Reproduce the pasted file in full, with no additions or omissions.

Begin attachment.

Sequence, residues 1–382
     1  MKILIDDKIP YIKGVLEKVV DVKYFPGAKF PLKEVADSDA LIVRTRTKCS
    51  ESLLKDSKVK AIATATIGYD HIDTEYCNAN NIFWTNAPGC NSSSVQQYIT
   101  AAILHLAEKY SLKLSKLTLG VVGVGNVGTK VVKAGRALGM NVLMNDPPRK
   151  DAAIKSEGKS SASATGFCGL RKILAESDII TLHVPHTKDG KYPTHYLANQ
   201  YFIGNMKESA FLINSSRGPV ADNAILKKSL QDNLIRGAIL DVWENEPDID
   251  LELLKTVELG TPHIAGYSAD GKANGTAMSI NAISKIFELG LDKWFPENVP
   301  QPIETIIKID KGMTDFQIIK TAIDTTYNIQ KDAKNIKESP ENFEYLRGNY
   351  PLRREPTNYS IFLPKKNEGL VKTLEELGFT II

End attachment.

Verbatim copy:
Sequence, residues 1–382
     1  MKILIDDKIP YIKGVLEKVV DVKYFPGAKF PLKEVADSDA LIVRTRTKCS
    51  ESLLKDSKVK AIATATIGYD HIDTEYCNAN NIFWTNAPGC NSSSVQQYIT
   101  AAILHLAEKY SLKLSKLTLG VVGVGNVGTK VVKAGRALGM NVLMNDPPRK
   151  DAAIKSEGKS SASATGFCGL RKILAESDII TLHVPHTKDG KYPTHYLANQ
   201  YFIGNMKESA FLINSSRGPV ADNAILKKSL QDNLIRGAIL DVWENEPDID
   251  LELLKTVELG TPHIAGYSAD GKANGTAMSI NAISKIFELG LDKWFPENVP
   301  QPIETIIKID KGMTDFQIIK TAIDTTYNIQ KDAKNIKESP ENFEYLRGNY
   351  PLRREPTNYS IFLPKKNEGL VKTLEELGFT II